Posts Tagged ‘James Barclay’

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Cymru Con Updated

November 3, 2008

See what the web has to say about cymru con

http://blogs.birminghammail.net/speechballoon/2008/11/flying-the-red-dragon-proudly.html

and

http://forbiddenplanet.co.uk/blog/?p=10064

Ok Update Time

John McCrea

Barry Kitson

Mike Carey

Rob Williams

Rufus Dayglo

Mike Collins

Mike Ploog

James Barclay

Dylan Teague

Liam Sharpe

Tony Lee

Stu.Art

Chris Lynch

and the Fabulous Barry Kitson

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Long Awaited:James Barclay

May 27, 2008

Thanks for taking the time to drop by and have a chat. What first got you started as a writer. It couldn’t have been for fame and fortune as so many try and fail.
I’ve just always loved writing stories. Ever since I can remember. I wrote my first recognisable piece of prose at the age of seven and by age eleven was writing plenty of little bits and pieces in my spare time. I had an English teacher at secondary school who really encouraged me (and one who actively discouraged me like the prat he was) and I wrote a couple of novella length stories as a result. Both awful but great practice.

So I’ve always wanted to be a writer. The fame and fortune were never important so long as I could make a living. I just about do that so I have to consider myself happy.

What was your first published work?
It was a short story called ‘Goldstone’ and it was published in a Sheffield literary magazine called ‘Sheaf’ in 1985. The story was about birds cavorting around the walls and roofs of houses. I was delighted to see my work in print though I was paid not a penny for it. A special moment only bettered in writing terms by seeing Dawnthief on the shelves of Waterstone’s for the first time.

When did you realise that you had something real special with the Raven series. As a father did your literary child come easily, or did you have to drag it screaming into the world.

I always knew it was a good concept and that I’d executed it pretty well but that doesn’t guarantee a publishing deal. I knew it was special when it shot up the amazon bestseller charts shortly after it was published. It reached no18 or something in the Hot 100 at one stage which was amazing for a first time author of a fantasy novel. I was just so pleased that readers were getting out of it what I wanted them to.

But no, it didn’t come easily. Actually, The Raven began life as comedy fantasy years and years before it was actually published. I’m glad I changed tack because it would have been rubbish. I worked on the serious action fantasy version for five years before I got a publishing deal. Rewrite on rewrite, deletion, addition… but I knew I’d get there in the end. As the rejections came in, it occasionally became a tough thing to do but somewhere inside, I knew it would be worth it in the end. I’m glad I listened and kept on going.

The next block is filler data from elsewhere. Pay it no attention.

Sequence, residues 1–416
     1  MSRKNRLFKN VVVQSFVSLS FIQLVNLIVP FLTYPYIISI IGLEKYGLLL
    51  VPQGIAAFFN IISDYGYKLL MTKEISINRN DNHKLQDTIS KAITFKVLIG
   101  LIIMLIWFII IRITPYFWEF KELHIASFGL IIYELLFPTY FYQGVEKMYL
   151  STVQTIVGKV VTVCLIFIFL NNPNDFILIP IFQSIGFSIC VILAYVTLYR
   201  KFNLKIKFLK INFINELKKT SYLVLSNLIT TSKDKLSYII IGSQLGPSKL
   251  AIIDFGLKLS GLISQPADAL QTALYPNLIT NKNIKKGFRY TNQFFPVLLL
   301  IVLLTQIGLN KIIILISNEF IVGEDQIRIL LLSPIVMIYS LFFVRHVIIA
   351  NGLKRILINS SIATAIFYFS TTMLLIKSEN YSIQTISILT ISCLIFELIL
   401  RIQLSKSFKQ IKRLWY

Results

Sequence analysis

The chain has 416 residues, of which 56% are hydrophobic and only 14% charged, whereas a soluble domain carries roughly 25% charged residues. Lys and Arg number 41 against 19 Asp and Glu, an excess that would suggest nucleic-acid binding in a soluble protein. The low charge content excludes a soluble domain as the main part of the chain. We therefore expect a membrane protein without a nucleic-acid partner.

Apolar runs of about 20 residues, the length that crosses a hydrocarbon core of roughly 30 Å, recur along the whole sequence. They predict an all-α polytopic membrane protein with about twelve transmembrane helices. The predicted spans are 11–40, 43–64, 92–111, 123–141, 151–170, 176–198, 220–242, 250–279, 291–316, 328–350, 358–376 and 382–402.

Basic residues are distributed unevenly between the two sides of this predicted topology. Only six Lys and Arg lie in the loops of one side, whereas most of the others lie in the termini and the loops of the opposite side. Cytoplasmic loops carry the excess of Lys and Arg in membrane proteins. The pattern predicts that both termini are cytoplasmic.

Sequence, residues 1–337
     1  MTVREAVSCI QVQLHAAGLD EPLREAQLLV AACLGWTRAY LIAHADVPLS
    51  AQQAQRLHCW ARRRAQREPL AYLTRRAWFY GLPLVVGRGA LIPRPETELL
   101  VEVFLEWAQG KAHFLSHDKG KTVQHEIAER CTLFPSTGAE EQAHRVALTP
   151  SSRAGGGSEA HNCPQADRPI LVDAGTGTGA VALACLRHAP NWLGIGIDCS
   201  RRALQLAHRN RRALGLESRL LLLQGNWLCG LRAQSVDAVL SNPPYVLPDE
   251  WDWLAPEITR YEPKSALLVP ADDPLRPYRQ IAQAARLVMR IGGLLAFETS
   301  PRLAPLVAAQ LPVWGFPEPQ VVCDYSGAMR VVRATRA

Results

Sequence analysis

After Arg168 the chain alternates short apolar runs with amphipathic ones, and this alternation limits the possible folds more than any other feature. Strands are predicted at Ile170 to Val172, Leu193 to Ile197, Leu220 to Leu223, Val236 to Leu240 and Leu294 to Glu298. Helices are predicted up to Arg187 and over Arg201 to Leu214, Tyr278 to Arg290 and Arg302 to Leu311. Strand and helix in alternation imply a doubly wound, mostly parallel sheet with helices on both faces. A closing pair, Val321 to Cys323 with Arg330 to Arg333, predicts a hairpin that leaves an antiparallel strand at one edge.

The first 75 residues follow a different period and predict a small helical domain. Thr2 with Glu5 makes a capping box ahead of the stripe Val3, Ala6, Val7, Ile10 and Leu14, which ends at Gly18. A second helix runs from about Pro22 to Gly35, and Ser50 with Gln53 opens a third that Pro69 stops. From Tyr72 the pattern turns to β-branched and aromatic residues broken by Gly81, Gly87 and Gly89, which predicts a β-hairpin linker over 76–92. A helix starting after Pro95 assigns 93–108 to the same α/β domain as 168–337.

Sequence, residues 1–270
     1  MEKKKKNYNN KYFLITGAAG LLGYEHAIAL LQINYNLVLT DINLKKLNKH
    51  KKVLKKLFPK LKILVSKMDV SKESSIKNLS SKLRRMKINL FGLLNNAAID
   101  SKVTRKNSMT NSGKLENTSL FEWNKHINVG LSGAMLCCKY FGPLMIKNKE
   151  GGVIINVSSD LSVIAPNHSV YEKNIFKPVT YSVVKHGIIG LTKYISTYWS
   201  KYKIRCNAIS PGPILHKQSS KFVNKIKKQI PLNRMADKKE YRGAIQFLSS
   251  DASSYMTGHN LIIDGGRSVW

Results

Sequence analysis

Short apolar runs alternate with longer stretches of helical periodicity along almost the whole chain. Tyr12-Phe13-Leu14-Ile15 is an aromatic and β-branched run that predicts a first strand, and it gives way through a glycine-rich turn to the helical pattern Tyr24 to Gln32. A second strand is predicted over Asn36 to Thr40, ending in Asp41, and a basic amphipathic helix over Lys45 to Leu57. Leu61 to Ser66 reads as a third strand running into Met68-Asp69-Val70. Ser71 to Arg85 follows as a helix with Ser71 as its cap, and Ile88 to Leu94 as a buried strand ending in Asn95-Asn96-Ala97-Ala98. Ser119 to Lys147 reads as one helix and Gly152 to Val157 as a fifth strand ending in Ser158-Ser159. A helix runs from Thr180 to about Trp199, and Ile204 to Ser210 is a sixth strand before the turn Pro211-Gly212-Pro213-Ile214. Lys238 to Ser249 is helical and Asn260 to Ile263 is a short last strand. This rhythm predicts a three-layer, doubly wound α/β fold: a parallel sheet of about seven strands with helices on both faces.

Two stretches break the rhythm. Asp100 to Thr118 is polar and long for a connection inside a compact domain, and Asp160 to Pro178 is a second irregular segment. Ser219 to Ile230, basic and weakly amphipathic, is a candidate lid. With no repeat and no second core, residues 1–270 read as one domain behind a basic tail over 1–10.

I have to admit that I got upset several times in the books, and i judge that the mark of a good storyteller when you are totally immersed within their world and living with the characters, Does it get emotional for you when such and such happens to a character?

Yes, it certainly does. I’ve cried while writing the deaths of some characters and feel physically very low after writing such scenes. I guess when that happens, it means I’ve got them right. I’ve never taken a decision to injure, kill or write-out a character without a huge amount of thought as to the consequences further down the line. I can’t let it become a gratuitous thing to do or the emotional force is lost.

I’m glad you’ve been upset too – for me that’s a huge compliment because it tells me I’ve put across that emotional force correctly and that you loved my characters enough to feel sad when tragedy strikes.


Which of the Raven members are your favourites? Mine are Sol and Denser. Two complete opposites, but I also like the character journey that Denser undergoes to become a better man.

Hirad is my favourite. No surprise as he was my character way back in my role playing days. I love him for his passion, his belief and his unquenchable drive and desire for The Raven to succeed. And Ilkar too, because he’s sharp-witted and his banter with Hirad is something I loved to write. I love what he does for The Raven. He’s their techie, if you like, but impatient with it.

Your second series was a slight departure and while as you know I was critical of the first book, the second book allowed me to gel with the characters, any plans to revisit any of the characters again?